Embattled credit-reporting company Equifax has done some data crunching and discovered another 2.4 million people that had their information slurped by hackers.
The biz, which was subject to one of the biggest data breaches in US history last May, has already had to revise up the number of affected individuals.
The total stood at 145 million in the US and hundreds of thousands in the UK and Canada – but it's now found a few more people that previously escaped its "forensic" testings.
In a statement released today, Equifax said that ongoing analysis of the stolen data had allowed it to confirm the identities of an additional 2.4 million folks in the US who had partial driving licence information taken.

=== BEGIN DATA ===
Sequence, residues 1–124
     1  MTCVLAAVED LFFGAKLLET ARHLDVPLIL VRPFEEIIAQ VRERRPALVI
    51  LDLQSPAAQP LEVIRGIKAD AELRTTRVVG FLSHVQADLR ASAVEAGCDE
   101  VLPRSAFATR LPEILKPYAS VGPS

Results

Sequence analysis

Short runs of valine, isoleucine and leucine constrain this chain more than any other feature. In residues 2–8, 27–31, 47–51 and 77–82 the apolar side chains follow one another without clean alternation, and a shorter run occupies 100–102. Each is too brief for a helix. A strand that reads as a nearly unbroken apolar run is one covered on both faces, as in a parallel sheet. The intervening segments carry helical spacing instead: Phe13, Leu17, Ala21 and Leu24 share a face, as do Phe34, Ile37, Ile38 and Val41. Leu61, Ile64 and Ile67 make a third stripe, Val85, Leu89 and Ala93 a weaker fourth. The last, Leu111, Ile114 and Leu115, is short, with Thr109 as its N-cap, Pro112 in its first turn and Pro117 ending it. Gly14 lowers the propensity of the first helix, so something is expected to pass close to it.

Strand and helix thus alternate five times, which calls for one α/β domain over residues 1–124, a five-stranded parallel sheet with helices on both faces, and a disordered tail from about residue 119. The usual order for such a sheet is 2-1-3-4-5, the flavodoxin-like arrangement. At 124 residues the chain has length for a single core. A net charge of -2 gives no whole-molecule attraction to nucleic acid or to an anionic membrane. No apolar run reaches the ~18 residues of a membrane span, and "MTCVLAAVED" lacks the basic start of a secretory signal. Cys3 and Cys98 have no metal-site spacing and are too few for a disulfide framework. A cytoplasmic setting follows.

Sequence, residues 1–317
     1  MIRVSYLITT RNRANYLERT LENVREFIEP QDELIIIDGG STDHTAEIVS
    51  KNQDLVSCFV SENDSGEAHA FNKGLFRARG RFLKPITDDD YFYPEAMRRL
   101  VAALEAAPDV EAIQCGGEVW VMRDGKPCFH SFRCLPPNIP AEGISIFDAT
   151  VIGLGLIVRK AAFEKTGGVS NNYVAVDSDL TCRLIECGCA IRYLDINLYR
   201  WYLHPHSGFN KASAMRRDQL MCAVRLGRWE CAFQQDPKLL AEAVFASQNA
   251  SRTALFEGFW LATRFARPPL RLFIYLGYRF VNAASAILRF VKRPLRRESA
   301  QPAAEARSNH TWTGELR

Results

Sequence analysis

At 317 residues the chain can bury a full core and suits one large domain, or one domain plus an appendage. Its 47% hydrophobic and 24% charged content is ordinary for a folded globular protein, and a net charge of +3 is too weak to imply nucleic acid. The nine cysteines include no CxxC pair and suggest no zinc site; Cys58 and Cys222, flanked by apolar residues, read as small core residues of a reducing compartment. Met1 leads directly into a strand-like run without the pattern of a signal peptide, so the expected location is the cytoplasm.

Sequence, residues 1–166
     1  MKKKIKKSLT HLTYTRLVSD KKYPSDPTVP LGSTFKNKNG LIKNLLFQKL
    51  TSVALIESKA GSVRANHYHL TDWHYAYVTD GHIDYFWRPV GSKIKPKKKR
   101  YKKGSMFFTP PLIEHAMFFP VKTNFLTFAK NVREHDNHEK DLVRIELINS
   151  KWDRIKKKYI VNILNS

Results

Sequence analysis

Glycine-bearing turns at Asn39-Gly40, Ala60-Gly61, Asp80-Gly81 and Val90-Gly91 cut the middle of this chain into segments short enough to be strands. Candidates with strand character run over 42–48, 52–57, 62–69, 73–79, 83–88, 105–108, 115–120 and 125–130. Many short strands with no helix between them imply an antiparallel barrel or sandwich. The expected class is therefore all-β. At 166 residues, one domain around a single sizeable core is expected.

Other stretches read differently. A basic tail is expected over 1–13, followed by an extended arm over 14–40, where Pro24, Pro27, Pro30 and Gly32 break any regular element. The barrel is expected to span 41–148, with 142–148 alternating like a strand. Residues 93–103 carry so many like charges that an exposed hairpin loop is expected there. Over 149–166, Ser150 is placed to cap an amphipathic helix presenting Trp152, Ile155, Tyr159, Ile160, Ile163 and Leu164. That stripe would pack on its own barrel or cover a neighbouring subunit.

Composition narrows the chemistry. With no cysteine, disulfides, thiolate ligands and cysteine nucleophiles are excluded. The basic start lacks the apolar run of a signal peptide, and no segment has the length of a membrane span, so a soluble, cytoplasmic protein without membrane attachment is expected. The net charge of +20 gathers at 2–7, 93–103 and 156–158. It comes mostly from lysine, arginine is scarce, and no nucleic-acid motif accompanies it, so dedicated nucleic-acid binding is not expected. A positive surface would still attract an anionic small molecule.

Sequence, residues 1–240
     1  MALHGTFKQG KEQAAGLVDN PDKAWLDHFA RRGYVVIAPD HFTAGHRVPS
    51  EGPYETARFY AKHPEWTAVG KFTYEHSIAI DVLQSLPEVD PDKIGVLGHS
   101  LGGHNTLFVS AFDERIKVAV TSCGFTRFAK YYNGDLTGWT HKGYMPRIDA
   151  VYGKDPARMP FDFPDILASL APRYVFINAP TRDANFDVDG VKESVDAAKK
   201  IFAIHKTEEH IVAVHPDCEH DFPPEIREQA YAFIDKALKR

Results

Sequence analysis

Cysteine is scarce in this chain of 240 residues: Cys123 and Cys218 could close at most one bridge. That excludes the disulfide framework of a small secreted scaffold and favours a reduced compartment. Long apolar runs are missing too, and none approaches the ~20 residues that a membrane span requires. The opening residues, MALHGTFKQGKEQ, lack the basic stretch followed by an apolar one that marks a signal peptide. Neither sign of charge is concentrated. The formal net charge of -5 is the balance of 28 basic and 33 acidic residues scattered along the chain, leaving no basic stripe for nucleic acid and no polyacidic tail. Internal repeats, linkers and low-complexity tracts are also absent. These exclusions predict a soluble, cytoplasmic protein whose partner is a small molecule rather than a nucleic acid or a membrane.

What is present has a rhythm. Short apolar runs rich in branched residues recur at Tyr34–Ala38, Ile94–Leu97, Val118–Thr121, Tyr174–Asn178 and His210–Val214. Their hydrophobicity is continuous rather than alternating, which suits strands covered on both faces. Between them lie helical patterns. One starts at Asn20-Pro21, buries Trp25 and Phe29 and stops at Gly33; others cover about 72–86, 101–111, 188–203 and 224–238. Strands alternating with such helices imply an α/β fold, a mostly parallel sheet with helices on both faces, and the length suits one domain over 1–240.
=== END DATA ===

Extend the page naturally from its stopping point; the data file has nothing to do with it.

"This information was partial because, in the vast majority of cases, it did not include consumers' home addresses, or their respective driver's license states, dates of issuance, or expiration dates," the statement said.
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The business said that it had – as recommended by forensic experts – focused its initial assessments on Social Security Numbers and names as a way of identifying who was affected by the hack.
The newly identified batch of people, however, did not have their SSNs stolen so weren't picked up by the previous investigations.
Equifax's interim boss Paulino de Rego Barros said in a statement that the announcement "is not about newly discovered stolen data".
Rather, he said, it was about "sifting through the previously identified stolen data" and comparing it with information in the business's database that was not stolen to identify people who had previously slipped through the net.
These people – who had presumably until now thought they were off the hook – will be contacted directly and offered free identity theft protection and credit file monitoring services.
The company is to report its fourth quarter results tomorrow. ®